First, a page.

Protein-mediated membrane fusion is essential for maintaining eukaryotic cell organization and propagation of major human viruses. Many clinically relevant members of the paramyxovirus family rely on the concerted action of two envelope glycoproteins, the attachment and fusion protein, to fuse their envelope with the target cell plasma membrane for cell entry. However, despite their clinical importance, fundamental mechanistic principles that govern the organization and function of native paramyxovirus fusion complexes are not understood. Towards the overarching goal of elucidating these principles, this project will pursue the problem in three basic questions: What is the spatial organization of the envelope glycoprotein hetero-oligomer complexes in the native, metastable conformation displayed on the surface of infectious particles? How does receptor binding affect attachment protein organization? What is the molecular mechanism that links receptor binding with fusion protein refolding into the thermodynamically stable postfusion conformation? With crystal structures of isolated ectodomains of different paramyxovirus glycoproteins at hand, the proposed studies will focus on measles virus envelope glycoproteins to address these questions in a comprehensive, interdisciplinary approach that interfaces innovative imaging, biochemical, functional, and computational experimental strategies. Cryo-electron tomography combined with envelope glycoprotein engineering will elucidate the overall spatial organization of hydrated fusion complexes displayed on the surface of viral particles, alone and after treatment with soluble receptor (aim 1). Native gel electrophoresis, H oligomer stabilizing and destabilizing modifications, and H bimolecular complementation will extract functional information by assessing the effect of receptor binding on attachment protein organization and characterizing the molecular nature of the signal that initiates fusion protein refolding (aim 2). Molecular modeling-guided mutagenesis, biochemical contact domain mapping, peptide binding and mass spectrometry will cross-examine, expand and functionally characterize candidate intermolecular contacts found in pilot studies, resulting in the identification of discrete microdomains in either glycoprotein that line the hetero-oligomer interface and control the structural integrity of a native paramyxovirus fusion complex (aim 3).

Public Health Relevance

Elucidating how viruses infect human cells at a molecular level is crucial not only for better understanding the basic cell entry mechanisms that viruses have developed, but also for the design of new drugs that can block viral infection. Paramyxoviruses are a group of viruses that cause major human diseases, including measles, mumps, and flu-like illnesses, and several important animal diseases. This project will determine the arrangement of proteins on the paramyxovirus surface that are responsible for virus entry into human cells, and define precisely the mechanism of how these proteins work together to mediate infection. Although much-investigated, these questions have yet to be answered. Insight gained from this study will improve public health by enabling the future development of innovative antiviral drugs that efficiently block essential steps of the entry process of this important group of viruses.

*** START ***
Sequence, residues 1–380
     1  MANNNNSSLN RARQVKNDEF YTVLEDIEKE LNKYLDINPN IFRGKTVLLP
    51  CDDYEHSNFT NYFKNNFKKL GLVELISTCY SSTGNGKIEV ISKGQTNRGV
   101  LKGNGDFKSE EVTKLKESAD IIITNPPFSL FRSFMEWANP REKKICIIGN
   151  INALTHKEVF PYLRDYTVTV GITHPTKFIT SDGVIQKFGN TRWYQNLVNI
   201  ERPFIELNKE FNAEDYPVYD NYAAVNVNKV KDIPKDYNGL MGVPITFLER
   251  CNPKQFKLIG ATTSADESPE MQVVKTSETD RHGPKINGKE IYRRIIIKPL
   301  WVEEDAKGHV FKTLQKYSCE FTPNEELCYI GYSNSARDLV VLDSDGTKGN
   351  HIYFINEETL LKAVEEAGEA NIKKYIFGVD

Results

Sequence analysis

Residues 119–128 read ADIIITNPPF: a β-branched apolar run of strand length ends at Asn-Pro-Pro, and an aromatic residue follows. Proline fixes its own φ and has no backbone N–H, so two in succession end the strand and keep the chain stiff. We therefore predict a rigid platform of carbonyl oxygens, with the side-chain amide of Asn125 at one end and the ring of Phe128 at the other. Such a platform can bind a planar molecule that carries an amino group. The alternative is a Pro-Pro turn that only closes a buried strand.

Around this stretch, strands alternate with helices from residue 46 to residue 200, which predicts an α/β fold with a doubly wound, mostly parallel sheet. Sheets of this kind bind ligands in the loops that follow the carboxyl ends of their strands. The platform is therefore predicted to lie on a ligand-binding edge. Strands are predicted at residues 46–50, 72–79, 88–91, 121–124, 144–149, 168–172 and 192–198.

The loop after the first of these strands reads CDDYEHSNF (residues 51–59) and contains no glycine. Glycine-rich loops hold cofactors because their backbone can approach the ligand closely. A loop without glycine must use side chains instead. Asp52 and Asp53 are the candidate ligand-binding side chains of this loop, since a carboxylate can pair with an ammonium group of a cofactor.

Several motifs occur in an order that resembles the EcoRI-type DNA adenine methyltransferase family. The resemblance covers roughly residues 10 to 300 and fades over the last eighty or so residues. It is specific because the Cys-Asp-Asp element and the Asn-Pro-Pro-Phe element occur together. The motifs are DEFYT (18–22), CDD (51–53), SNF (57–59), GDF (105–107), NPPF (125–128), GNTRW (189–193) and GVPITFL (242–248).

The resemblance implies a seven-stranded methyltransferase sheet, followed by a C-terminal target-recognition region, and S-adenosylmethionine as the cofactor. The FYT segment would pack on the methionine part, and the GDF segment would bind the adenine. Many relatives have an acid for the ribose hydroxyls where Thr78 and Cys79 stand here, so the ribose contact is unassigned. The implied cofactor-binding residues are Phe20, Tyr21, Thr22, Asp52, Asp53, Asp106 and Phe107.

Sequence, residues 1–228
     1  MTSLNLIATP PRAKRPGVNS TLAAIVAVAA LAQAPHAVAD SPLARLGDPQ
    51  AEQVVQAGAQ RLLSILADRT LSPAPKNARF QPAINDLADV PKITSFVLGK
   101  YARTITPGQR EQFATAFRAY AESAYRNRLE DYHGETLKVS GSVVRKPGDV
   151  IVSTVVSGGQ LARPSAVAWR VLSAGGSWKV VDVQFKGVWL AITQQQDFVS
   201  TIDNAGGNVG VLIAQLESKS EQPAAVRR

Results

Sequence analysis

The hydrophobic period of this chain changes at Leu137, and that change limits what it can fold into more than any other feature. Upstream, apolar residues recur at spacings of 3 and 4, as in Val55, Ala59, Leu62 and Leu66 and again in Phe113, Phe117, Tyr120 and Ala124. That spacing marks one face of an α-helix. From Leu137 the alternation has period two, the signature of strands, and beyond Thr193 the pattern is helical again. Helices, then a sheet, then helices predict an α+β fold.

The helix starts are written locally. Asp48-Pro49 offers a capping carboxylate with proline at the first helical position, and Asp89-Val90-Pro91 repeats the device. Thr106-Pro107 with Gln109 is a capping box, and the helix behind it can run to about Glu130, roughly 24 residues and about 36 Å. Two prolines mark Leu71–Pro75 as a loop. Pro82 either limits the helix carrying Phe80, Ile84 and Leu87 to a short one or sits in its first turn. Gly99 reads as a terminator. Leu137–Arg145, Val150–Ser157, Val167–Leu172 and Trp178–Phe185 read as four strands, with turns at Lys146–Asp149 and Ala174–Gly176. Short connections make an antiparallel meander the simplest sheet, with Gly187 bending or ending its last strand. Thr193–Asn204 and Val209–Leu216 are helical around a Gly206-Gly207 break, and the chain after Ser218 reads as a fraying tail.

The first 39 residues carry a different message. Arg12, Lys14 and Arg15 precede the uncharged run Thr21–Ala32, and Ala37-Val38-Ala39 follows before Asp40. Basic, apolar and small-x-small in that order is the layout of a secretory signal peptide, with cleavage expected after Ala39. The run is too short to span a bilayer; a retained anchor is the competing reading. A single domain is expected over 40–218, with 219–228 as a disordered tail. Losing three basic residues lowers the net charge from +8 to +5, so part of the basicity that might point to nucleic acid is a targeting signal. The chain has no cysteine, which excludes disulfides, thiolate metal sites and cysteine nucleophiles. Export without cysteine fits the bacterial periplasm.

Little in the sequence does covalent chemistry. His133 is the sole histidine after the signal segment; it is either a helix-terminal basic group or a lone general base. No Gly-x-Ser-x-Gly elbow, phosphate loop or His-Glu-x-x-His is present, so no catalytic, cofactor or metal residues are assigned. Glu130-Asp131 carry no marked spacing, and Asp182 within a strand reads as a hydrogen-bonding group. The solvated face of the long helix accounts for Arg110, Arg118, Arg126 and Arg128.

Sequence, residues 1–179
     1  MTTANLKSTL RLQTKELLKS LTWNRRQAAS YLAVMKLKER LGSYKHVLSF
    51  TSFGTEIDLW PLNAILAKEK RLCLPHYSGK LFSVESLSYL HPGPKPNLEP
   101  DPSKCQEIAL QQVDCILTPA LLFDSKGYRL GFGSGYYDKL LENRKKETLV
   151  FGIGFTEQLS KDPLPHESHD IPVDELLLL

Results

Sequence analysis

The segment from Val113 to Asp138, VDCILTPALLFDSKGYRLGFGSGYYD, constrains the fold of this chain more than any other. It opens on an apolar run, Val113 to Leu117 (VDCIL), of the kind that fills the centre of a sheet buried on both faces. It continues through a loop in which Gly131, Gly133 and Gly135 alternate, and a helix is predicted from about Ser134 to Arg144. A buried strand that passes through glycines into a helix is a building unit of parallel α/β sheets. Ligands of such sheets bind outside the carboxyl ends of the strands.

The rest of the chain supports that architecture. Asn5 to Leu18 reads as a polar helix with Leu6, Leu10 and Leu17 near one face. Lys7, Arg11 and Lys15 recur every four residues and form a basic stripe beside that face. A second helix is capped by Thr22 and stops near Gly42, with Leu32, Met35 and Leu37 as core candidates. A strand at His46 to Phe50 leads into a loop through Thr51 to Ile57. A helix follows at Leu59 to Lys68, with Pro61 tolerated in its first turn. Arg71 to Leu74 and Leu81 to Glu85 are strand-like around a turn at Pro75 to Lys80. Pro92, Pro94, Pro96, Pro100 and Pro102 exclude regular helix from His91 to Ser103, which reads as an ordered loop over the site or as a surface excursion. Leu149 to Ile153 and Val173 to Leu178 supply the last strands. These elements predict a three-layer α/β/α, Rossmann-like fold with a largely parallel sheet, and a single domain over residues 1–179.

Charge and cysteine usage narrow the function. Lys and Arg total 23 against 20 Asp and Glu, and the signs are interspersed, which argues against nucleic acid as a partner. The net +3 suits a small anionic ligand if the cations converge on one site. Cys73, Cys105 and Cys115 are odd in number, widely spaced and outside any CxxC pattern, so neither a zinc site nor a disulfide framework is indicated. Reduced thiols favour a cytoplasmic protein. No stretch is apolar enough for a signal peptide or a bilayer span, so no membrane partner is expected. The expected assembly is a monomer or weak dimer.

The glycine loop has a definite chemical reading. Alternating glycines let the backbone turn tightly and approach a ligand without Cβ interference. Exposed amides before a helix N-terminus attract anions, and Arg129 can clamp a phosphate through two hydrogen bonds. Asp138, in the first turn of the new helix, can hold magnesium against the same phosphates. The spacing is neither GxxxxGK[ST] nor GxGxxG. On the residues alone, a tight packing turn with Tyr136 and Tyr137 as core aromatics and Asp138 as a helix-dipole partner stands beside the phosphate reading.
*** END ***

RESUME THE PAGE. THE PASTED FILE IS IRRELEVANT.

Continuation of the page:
Agency
National Institute of Health (NIH)
Institute
National Institute of Allergy and Infectious Diseases (NIAID)
Type
Research Project (R01)
Project #
5R01AI083402-06
Application #
8876533
Study Section
Virology - A Study Section (VIRA)
Program Officer
Challberg, Mark D
Project Start
2011-07-01
Project End
2017-06-30
Budget Start
2015-07-01
Budget End
2017-06-30
Support Year
6
Fiscal Year
2015
Total Cost
Indirect Cost
Name
Georgia State University
Department
Biology
Type
Schools of Arts and Sciences
DUNS #
837322494
City
Atlanta
State
GA
Country
United States
Zip Code
30302
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Avila, Mislay; Khosravi, Mojtaba; Alves, Lisa et al. (2015) Canine distemper virus envelope protein interactions modulated by hydrophobic residues in the fusion protein globular head. J Virol 89:1445-51

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